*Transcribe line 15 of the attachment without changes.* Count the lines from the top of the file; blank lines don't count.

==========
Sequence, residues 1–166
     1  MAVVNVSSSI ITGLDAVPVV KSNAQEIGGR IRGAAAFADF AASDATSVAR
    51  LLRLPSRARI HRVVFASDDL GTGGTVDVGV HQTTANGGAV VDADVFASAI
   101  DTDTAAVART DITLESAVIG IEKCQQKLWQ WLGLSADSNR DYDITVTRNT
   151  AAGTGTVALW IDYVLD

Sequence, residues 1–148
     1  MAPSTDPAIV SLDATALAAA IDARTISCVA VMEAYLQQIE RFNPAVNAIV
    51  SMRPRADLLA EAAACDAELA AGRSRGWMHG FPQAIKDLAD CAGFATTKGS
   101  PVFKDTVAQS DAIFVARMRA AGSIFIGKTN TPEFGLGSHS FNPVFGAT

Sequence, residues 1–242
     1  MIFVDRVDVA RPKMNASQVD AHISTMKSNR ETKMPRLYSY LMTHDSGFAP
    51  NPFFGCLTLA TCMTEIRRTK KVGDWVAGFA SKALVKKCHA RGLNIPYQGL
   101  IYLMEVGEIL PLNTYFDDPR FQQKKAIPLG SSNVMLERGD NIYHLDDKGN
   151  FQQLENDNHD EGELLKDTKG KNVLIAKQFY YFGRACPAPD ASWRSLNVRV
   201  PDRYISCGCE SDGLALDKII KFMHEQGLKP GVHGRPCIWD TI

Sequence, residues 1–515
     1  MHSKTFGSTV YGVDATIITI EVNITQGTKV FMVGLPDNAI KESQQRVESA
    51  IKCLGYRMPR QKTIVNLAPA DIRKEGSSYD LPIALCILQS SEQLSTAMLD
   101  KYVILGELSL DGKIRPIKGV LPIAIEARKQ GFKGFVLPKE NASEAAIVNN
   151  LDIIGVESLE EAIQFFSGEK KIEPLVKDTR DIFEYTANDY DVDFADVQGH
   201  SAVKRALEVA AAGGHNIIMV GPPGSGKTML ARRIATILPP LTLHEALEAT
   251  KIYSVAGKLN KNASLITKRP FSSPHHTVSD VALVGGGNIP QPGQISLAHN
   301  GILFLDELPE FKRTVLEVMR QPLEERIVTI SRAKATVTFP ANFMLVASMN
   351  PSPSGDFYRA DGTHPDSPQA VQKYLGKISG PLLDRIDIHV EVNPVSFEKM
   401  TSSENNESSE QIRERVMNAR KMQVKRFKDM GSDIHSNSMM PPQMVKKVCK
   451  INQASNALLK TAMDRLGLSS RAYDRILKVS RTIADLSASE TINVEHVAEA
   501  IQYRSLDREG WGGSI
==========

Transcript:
   201  PDRYISCGCE SDGLALDKII KFMHEQGLKP GVHGRPCIWD TI